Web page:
Have been a little hectic.
In addition to trying to make some long overdue progress on my DMLS work, The Public Radio is kind of heating up right now. We received a new batch of PCBs, and got a few of them built up quickly.
To our astonishment, the first board we built worked immediately. This was actually kind of weird - we were expecting at least a bridge or two would need to be fixed, and there was always the chance that we had made a design error. Having our first board turn right on, and then quickly tune to WBGO 88.3, was a real kick.
Things won't always go so well, though, and so the following day we spent a bit of time straightening the workshop and setting up a bit of new tooling. The Public Radio HQ is now the home to a brand-old 1984 Tektronix 2465, a 4-channel 300MHz analog scope. We also picked up an inexpensive hot air rework station, and I dumped some bike parts out of one of my small parts cabinets and dragged it in to the city as well.
We don't have stencils for these boards (aligning circular stencils requires a bit more foresight than we could muster when we made the purchase) so we're laying out solder paste by hand with a syringe and toothpicks. Then we laid out a big piece of card stock and placed SMT components out part by part and set out with tweezers and loupes to place them on boards.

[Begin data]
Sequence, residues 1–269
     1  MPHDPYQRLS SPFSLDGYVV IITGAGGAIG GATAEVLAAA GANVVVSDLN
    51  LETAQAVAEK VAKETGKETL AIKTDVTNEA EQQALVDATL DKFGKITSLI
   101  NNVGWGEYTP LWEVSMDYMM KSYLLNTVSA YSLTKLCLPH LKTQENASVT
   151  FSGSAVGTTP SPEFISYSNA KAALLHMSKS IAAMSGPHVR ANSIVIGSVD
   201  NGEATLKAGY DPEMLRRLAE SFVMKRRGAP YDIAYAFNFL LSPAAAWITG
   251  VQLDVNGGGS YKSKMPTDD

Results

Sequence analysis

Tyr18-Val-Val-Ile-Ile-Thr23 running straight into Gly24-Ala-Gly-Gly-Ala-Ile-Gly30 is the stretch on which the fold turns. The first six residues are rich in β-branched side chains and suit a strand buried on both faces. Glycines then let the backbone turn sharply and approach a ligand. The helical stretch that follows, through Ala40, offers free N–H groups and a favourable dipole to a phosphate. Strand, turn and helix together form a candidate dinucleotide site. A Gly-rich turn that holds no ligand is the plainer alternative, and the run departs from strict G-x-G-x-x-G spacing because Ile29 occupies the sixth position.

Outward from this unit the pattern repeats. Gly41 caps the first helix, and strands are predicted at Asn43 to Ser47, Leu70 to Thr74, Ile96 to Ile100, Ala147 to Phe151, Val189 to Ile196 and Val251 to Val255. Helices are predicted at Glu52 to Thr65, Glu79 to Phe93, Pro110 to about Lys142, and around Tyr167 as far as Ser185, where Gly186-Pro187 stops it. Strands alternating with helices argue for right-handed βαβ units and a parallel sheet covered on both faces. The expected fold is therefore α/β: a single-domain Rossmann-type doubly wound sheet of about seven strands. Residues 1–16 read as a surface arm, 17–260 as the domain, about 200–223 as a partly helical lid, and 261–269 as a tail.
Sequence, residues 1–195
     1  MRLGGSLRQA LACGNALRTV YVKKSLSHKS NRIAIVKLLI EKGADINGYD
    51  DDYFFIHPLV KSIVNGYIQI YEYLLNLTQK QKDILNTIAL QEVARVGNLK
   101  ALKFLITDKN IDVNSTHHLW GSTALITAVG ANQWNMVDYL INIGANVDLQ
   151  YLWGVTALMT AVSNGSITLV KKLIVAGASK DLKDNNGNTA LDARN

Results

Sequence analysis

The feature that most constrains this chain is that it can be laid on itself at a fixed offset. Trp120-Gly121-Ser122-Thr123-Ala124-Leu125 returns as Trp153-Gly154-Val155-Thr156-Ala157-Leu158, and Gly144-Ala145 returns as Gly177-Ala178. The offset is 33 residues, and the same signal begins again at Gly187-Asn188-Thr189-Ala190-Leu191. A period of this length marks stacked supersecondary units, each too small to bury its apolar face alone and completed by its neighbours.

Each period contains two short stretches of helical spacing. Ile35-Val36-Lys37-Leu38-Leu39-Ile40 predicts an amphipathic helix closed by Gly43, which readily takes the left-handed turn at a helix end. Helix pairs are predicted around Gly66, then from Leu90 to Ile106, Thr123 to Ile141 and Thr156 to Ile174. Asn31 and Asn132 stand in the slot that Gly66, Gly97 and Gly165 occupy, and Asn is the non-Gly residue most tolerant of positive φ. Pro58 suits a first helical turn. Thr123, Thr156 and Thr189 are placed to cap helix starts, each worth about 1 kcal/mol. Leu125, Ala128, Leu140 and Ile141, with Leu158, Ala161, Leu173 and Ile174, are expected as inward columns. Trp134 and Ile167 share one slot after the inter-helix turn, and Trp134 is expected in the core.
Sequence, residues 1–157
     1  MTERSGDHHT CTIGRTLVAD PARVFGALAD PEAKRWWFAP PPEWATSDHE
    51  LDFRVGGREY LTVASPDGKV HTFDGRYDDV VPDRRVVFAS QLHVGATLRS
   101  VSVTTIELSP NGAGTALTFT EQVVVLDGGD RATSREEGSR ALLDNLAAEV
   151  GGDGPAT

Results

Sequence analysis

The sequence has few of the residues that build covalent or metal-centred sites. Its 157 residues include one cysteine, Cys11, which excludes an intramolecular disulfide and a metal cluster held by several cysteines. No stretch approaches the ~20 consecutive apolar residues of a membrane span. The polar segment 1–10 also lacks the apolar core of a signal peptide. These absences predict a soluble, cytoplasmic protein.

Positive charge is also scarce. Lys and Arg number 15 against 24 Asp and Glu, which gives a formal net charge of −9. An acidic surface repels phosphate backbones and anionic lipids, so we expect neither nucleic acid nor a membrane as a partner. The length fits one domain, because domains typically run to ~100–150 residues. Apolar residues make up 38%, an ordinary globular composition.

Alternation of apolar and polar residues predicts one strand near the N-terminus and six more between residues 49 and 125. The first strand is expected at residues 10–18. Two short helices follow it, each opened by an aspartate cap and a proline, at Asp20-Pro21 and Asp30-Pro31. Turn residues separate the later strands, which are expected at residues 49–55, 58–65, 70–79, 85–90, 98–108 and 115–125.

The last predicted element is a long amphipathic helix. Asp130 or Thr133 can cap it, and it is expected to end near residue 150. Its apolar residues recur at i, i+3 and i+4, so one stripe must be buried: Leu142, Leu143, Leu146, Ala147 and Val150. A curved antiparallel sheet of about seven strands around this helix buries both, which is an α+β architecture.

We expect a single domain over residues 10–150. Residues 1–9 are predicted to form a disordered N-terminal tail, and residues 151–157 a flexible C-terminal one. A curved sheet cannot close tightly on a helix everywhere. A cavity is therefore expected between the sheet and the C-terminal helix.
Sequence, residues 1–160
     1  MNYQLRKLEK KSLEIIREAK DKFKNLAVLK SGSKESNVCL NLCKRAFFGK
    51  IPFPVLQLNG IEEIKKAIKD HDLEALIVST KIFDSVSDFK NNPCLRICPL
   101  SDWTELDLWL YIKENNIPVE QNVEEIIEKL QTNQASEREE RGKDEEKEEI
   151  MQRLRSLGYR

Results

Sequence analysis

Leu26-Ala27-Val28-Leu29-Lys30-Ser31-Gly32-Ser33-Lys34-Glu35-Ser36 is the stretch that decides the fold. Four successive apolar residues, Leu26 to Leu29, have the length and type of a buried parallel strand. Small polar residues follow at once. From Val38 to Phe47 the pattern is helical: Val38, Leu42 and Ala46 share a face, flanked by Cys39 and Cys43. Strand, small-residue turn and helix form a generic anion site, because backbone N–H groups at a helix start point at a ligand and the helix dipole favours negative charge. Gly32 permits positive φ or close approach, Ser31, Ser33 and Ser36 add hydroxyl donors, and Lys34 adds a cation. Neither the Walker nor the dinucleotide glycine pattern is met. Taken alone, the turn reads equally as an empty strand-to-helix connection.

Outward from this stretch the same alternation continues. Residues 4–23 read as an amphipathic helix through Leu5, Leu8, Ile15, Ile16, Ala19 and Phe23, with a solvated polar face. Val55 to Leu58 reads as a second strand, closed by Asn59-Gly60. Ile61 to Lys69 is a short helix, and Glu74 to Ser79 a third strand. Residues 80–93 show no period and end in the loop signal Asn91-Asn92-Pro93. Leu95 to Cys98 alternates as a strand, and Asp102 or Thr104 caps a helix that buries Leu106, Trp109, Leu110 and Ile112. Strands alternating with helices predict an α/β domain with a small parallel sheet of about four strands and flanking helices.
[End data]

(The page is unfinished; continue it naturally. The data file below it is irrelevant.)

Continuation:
Our boards have two fine-pitch parts on them (the FM IC and the amplifier), and then they're almost all 0603 packages. These are manageable once you get going, but initially they're just fucking small. Anything smaller and we'd have a really hard time hand assembling these boards.
There are a few small modifications that we'll make before we go into production. Our thru hole trimpot's package needs to be changed, and we need to do a little tweaking on the gain setting resistors going into the amplifier, and I want to spend a little while getting graphics on the silkscreen layers. But these are minor changes; overall, the boards are 95% there.
On Monday we'll be receiving a batch of lasercut stainless steel lids, and we'll finally see how our whole assembly fits together IRL.